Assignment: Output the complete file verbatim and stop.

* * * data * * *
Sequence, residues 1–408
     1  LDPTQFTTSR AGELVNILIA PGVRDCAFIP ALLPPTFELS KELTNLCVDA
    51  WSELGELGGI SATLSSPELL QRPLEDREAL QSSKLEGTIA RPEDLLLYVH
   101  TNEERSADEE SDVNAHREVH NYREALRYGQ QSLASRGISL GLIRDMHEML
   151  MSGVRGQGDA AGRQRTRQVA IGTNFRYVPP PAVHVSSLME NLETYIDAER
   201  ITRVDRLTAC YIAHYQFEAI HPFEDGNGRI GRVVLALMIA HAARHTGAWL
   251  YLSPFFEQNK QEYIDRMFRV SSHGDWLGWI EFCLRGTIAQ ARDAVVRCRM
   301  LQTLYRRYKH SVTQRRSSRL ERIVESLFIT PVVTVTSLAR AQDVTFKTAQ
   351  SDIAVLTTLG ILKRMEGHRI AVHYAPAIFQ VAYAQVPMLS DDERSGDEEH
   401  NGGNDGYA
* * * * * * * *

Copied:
Sequence, residues 1–408
     1  LDPTQFTTSR AGELVNILIA PGVRDCAFIP ALLPPTFELS KELTNLCVDA
    51  WSELGELGGI SATLSSPELL QRPLEDREAL QSSKLEGTIA RPEDLLLYVH
   101  TNEERSADEE SDVNAHREVH NYREALRYGQ QSLASRGISL GLIRDMHEML
   151  MSGVRGQGDA AGRQRTRQVA IGTNFRYVPP PAVHVSSLME NLETYIDAER
   201  ITRVDRLTAC YIAHYQFEAI HPFEDGNGRI GRVVLALMIA HAARHTGAWL
   251  YLSPFFEQNK QEYIDRMFRV SSHGDWLGWI EFCLRGTIAQ ARDAVVRCRM
   301  LQTLYRRYKH SVTQRRSSRL ERIVESLFIT PVVTVTSLAR AQDVTFKTAQ
   351  SDIAVLTTLG ILKRMEGHRI AVHYAPAIFQ VAYAQVPMLS DDERSGDEEH
   401  NGGNDGYA